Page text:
Students who are considering OEB as a concentration are encouraged to complete the three introductory courses (Life Sciences 1a, 1b, OEB 10) by the end of their sophomore year. From the firm foundation of these introductory courses, students explore one or more areas in depth by taking upper-level courses. Students are encouraged to consult the life sciences undergraduate website for further details on various pathways through the concentration (i.e., recommended combinations of mid-level and upper-level courses) and lists of faculty who can provide advice in these areas. Students may also design their own pathway.

For many students, the concentration will culminate in independent research leading to a senior thesis, but a thesis is not the only means by which a student may participate in research. The concentration website provides information on research opportunities in OEB as well as general advice about how to identify and contact faculty whose research you find interesting. The concentration also provides opportunities for students to study biological diversity in the field, whether close to home or abroad. OEB does not participate in joint concentrations but will consider senior theses that incorporate work from a secondary field.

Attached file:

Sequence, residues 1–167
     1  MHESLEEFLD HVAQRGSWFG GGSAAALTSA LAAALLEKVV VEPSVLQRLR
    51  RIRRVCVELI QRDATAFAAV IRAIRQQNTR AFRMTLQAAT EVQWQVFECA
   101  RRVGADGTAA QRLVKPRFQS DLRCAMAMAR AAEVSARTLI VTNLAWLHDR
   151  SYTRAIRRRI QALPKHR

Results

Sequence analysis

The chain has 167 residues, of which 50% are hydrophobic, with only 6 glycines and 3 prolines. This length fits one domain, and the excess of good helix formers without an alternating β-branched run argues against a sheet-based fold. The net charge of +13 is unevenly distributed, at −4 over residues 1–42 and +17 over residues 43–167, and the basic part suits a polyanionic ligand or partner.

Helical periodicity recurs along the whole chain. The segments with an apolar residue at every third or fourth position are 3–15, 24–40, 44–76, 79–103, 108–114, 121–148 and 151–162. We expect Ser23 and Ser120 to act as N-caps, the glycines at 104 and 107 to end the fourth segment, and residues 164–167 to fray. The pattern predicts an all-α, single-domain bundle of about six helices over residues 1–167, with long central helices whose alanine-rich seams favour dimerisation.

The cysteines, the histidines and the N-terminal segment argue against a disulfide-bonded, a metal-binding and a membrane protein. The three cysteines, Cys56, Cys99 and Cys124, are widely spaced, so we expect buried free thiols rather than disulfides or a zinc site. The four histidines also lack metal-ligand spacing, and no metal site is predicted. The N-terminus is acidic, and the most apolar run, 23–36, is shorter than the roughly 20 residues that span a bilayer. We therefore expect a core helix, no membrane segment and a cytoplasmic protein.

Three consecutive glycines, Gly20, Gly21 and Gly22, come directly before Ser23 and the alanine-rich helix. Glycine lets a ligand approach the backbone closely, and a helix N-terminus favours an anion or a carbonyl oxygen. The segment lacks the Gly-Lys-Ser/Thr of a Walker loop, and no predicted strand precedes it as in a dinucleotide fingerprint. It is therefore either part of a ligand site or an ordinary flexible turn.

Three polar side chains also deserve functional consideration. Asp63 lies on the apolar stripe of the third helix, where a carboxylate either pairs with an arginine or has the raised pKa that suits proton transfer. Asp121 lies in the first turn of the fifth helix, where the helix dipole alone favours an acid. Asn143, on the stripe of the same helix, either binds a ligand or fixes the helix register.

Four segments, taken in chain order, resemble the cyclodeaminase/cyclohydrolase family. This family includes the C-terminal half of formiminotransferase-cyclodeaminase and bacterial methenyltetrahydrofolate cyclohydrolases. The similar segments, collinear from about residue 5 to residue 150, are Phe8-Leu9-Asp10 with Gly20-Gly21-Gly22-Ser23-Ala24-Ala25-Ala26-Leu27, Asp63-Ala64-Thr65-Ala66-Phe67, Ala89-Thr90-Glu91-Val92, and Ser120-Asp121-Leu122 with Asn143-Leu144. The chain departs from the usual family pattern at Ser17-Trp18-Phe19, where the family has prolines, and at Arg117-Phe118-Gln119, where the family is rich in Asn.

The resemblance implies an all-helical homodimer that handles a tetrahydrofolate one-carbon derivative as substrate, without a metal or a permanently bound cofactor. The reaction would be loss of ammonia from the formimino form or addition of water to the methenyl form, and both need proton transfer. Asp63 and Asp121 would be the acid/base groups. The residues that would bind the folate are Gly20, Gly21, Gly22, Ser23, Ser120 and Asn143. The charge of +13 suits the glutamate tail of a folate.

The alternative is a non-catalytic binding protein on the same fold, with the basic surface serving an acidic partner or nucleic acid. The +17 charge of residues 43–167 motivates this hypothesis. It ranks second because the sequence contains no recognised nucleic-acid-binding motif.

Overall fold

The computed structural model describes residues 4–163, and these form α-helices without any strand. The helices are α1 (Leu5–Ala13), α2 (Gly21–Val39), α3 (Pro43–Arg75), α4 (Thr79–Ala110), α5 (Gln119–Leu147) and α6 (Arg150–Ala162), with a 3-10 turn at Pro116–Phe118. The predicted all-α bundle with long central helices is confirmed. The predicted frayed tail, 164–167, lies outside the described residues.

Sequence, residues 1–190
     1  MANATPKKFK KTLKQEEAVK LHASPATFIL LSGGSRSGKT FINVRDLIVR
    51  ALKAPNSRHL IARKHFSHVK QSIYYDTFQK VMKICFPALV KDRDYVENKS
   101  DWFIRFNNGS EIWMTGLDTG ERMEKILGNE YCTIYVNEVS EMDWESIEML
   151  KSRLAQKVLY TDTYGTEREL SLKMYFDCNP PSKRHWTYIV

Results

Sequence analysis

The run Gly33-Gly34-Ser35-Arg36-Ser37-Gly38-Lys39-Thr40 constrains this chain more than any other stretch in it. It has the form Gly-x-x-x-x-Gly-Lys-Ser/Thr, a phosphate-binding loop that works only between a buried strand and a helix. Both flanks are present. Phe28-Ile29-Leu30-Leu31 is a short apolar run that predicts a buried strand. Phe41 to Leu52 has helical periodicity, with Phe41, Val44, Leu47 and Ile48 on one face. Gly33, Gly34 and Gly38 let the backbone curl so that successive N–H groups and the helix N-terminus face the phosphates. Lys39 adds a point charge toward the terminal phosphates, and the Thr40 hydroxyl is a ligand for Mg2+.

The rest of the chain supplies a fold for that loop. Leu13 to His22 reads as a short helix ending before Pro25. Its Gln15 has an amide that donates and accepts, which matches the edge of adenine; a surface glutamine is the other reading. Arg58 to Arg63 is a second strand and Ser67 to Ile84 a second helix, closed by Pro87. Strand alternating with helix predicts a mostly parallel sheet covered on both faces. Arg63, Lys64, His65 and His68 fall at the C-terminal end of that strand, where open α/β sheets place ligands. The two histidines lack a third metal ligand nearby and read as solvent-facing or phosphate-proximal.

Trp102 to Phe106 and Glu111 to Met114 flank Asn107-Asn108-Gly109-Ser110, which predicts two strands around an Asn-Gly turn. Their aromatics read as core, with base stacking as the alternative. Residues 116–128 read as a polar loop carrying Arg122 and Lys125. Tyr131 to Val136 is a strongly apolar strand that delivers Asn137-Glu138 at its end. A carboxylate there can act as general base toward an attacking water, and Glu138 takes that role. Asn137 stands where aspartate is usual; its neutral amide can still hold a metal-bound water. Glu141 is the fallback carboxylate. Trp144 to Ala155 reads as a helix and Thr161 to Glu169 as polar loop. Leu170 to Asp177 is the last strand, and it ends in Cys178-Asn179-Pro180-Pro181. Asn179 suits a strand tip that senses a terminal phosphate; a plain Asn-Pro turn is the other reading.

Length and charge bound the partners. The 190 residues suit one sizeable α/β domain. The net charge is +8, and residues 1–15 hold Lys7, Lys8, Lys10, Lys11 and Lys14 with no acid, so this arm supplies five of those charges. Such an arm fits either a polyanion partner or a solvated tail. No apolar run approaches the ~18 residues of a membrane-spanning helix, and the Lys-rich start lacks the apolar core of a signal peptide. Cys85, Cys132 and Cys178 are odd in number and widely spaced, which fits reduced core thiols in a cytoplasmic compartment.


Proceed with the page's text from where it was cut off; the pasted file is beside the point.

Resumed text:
REQUIREMENTS 13 half-courses

  1. Required courses:

    1. Three half-courses in introductory biology: Life Sciences 1a (or Life and Physical Sciences A), Life Sciences 1b, OEB 10.

    2. At least four half-courses introducing broad fields of biology to be chosen from OEB 51, 52, 53, 54, 55, 57, 59; MCB 52, 54, 80; Life Sciences 2 (or OEB 102), Life Sciences 110, SCRB 10.

    3. Two advanced-level half-courses in biology, one of which may be a supervised research or reading course.

    4. At least four half-courses to be chosen from offerings in applied mathematics, chemistry, computer science (above the level of Computer Science 1), mathematics (above the level of Math 1a), physics, and statistics.